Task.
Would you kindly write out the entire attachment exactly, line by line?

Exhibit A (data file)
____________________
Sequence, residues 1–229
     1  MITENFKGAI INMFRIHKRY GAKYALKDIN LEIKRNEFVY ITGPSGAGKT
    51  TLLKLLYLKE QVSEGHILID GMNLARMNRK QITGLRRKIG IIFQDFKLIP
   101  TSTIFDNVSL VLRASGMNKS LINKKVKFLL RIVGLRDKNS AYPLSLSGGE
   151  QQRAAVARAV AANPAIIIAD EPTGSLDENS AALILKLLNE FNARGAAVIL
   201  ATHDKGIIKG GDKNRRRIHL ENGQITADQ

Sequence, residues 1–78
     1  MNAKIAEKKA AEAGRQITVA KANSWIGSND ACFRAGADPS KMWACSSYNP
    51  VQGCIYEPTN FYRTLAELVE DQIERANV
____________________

Sequence, residues 1–229
     1  MITENFKGAI INMFRIHKRY GAKYALKDIN LEIKRNEFVY ITGPSGAGKT
    51  TLLKLLYLKE QVSEGHILID GMNLARMNRK QITGLRRKIG IIFQDFKLIP
   101  TSTIFDNVSL VLRASGMNKS LINKKVKFLL RIVGLRDKNS AYPLSLSGGE
   151  QQRAAVARAV AANPAIIIAD EPTGSLDENS AALILKLLNE FNARGAAVIL
   201  ATHDKGIIKG GDKNRRRIHL ENGQITADQ

Sequence, residues 1–78
     1  MNAKIAEKKA AEAGRQITVA KANSWIGSND ACFRAGADPS KMWACSSYNP
    51  VQGCIYEPTN FYRTLAELVE DQIERANV